Bicipital aponeurosis

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Bicipital aponeurosis
Gray410.png
Superficial muscles of the chest and front of the arm. (Lacertus fibrosus visible as white band at lower right.)
Latinaponeurosis musculi bicipitis brachii
Gray'ssubject #124 444
 
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Bicipital aponeurosis
Gray410.png
Superficial muscles of the chest and front of the arm. (Lacertus fibrosus visible as white band at lower right.)
Latinaponeurosis musculi bicipitis brachii
Gray'ssubject #124 444

The bicipital aponeurosis (also known as lacertus fibrosus) is a broad aponeurosis of the biceps brachii which is located in the cubital fossa of the elbow and separates superficial from deep structures in much of the fossa.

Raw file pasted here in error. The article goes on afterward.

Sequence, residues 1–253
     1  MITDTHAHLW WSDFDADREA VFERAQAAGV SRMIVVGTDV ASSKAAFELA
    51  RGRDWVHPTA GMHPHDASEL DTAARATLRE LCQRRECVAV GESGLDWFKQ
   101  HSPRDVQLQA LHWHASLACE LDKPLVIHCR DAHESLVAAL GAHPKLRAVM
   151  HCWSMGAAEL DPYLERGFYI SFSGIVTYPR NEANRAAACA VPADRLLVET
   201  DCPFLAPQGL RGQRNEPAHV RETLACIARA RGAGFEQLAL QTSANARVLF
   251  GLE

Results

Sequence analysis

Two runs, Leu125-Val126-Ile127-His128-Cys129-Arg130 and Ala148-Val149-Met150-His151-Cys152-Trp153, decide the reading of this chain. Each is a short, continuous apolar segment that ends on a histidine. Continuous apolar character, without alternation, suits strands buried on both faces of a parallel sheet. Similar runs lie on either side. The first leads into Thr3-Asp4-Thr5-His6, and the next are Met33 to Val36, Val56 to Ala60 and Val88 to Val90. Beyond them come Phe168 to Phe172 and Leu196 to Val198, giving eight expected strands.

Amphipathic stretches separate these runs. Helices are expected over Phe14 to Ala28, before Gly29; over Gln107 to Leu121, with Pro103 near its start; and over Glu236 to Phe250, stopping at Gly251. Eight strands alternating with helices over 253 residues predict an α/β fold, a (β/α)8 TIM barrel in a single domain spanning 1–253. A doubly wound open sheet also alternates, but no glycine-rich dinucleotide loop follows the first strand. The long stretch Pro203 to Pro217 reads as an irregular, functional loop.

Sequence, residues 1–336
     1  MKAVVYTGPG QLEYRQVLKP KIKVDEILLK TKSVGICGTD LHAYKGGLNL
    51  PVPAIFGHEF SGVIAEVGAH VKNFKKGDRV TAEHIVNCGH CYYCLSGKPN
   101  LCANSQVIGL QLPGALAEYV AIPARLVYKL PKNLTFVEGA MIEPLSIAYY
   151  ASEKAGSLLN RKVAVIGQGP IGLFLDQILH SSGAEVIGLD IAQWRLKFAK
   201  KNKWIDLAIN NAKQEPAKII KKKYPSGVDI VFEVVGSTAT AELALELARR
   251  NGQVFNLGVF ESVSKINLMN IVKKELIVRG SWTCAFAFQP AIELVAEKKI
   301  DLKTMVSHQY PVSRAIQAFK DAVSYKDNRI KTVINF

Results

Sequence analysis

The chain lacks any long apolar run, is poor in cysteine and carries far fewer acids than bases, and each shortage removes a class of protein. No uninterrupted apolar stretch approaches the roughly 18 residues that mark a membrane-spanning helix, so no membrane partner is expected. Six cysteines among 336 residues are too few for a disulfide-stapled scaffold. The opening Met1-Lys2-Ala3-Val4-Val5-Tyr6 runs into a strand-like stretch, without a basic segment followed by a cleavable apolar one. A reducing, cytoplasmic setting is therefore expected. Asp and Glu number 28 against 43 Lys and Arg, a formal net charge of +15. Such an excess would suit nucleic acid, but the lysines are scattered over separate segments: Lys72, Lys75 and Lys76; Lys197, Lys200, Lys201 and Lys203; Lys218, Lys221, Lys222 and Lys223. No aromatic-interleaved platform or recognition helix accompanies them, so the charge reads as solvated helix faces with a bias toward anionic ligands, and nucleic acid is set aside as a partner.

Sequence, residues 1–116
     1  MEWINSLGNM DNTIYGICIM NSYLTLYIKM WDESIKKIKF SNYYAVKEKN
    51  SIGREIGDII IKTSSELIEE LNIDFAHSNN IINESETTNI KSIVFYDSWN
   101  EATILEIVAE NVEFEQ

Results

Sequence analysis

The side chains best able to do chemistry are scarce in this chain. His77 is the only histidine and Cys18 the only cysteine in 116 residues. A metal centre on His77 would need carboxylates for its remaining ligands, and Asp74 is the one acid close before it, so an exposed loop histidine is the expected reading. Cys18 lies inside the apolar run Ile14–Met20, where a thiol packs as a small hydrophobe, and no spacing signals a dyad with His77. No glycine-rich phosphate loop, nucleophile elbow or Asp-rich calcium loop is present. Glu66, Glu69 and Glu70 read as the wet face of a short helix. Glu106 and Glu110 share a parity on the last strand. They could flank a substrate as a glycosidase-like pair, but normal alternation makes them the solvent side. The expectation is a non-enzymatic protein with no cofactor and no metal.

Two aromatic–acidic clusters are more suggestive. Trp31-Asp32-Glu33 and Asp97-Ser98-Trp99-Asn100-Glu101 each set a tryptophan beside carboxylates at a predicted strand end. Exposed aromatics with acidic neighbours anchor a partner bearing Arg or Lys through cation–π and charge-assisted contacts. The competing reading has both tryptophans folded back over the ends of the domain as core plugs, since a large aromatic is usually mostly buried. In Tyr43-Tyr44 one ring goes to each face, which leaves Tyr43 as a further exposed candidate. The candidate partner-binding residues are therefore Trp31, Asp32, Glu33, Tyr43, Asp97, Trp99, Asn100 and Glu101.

The bicipital aponeurosis originates from the distal insertion of the biceps brachii. While the tendon of the biceps inserts on the radial tuberosity, the aponeurosis reinforces the cubital fossa, and helps to protect the brachial artery and the median nerve running underneath. This protection is important during venipuncture (taking blood) from the median cubital vein.

It is one structure that has to be incised during fasciotomy in the treatment of acute compartment syndrome of the forearm and elbow region.

Some individuals (about 3% of the population) have a superficial ulnar artery that runs superficially to the bicipital aponeurosis instead of underneath it. These individuals are at risk for accidental injury to the ulnar artery during venipuncture.

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This article was originally based on an entry from a public domain edition of Gray's Anatomy. As such, some of the information contained within it may be outdated.